The radius of the observable universe is generally taken to be ~45 billion light years. However, we see distant galaxies as they were many millions of years in the past, so there are two ways I can interpret this radius value:

1) Light that is reaching Earth for the first time today was emitted by ancient galaxies that were initially a lot closer, but are now estimated to be 45 billion light years away from us.

2) Light that is reaching Earth for the first time today was emitted by ancient galaxies that were initially 45 billion light years away, and are now a lot further.

Which interpretation, if they're not both wrong, is correct?

  • $\begingroup$ Sorry - this seems like a really silly question now. Of course it has to be #1. If you would like to, then you could write your comment as an answer to the question and I'll accept it. $\endgroup$ – Pancake_Senpai Apr 6 '18 at 16:51
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    $\begingroup$ Or you could delete the question. :-) $\endgroup$ – Chappo Hasn't Forgotten Monica Apr 6 '18 at 23:19
  • $\begingroup$ What's also odd about the common language here is that although the radius of the observable universe is some 45 billion light years, the most distant observable objects are typically reported at just over 13 billion light years. That's because there are several different ways to talk about distance, and the vastly more common way to talk about distances to individual objects is the "light travel distance", which is just the look-back time (less than the age of the universe) times the speed of light. So your confusion is not surprising. $\endgroup$ – Ken G Apr 7 '18 at 12:21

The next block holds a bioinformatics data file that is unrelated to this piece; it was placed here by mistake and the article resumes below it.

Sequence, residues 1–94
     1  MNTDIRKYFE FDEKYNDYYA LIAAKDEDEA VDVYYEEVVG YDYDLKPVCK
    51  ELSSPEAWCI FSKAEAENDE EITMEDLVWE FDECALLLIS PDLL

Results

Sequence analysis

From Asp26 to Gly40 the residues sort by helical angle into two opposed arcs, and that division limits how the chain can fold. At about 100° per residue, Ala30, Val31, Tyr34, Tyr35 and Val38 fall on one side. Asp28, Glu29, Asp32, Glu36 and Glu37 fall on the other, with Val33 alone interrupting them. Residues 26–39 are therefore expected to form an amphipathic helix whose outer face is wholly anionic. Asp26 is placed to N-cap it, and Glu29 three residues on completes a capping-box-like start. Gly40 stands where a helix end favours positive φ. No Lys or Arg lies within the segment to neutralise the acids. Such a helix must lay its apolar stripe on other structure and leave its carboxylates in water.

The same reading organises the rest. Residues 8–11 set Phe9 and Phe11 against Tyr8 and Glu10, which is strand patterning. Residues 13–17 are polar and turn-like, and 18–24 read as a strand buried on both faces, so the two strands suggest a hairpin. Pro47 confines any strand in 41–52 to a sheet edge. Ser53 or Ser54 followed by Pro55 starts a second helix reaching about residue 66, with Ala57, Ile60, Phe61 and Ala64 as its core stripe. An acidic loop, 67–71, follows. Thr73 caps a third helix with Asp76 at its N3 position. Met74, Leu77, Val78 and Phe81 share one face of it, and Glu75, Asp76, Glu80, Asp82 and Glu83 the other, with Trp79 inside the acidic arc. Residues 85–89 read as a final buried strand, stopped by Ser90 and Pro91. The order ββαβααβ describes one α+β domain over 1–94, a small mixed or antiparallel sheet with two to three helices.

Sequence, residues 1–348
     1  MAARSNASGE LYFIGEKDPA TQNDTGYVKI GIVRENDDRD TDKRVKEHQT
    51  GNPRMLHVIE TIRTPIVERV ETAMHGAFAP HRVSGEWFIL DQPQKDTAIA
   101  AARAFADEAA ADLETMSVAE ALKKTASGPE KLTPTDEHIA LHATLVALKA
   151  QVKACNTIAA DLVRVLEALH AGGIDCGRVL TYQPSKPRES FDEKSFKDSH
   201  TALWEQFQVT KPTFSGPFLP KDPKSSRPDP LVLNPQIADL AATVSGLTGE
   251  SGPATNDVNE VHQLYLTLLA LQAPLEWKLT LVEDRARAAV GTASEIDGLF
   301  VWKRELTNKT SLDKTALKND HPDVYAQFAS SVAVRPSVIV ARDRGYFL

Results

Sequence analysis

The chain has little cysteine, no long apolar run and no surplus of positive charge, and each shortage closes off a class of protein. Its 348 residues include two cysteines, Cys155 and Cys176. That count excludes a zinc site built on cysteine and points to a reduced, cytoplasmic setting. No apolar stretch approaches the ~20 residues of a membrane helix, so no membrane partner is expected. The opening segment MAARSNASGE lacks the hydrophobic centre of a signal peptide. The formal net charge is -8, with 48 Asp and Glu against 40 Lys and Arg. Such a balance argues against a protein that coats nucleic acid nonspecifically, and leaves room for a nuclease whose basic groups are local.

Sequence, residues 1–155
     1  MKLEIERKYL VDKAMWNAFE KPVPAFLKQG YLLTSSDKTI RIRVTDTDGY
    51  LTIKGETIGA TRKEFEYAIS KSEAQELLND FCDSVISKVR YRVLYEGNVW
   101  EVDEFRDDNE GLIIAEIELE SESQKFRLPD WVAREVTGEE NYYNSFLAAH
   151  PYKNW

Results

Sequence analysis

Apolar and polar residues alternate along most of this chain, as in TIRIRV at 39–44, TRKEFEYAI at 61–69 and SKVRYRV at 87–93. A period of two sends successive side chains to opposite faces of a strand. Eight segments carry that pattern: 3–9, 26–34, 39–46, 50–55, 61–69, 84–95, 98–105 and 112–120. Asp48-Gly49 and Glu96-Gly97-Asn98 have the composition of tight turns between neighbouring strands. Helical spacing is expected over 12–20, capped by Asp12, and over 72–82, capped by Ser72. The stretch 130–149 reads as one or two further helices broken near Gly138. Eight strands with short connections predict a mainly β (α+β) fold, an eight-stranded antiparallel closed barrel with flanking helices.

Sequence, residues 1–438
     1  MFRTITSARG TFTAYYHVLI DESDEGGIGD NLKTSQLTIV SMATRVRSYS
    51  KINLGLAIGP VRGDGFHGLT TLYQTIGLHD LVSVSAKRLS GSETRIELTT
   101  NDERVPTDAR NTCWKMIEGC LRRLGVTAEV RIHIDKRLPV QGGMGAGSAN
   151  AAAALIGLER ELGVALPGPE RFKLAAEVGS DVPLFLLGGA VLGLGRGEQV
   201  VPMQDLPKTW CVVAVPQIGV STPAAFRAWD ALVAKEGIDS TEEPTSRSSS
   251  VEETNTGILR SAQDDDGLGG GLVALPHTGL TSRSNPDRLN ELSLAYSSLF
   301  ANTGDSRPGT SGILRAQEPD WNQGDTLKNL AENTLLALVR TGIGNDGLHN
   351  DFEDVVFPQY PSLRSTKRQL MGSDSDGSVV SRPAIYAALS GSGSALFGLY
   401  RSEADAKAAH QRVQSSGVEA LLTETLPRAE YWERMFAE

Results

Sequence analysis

The answer is basically #1. The observable universe contains objects whose light has taken up to the age of the universe to travel to us.

Thanks to the expansion of the universe, the things that emitted that light are about 46 billion light years away now. The exact figure depends on the details of the cosmological parameters and also whether you take the first time that the light can have started out as being the "epoch of recombination" (when the cosmic microwave background was emitted and the universe became transparent to radiation) or the big-bang itself (which would add about 0.5 billion light years to the figure).

Light emitted just after the epoch of recombination has a redshift of about 1100. That means the scale factor has increased by a similar amount. Thus something that is now 46 billion light years away was about 42 million light years away when the light was emitted (of course neither the Earth or our Galaxy existed then).

The answer cannot be #2 since light from something 45 billion light years away cannot have reached us in the age of the universe.


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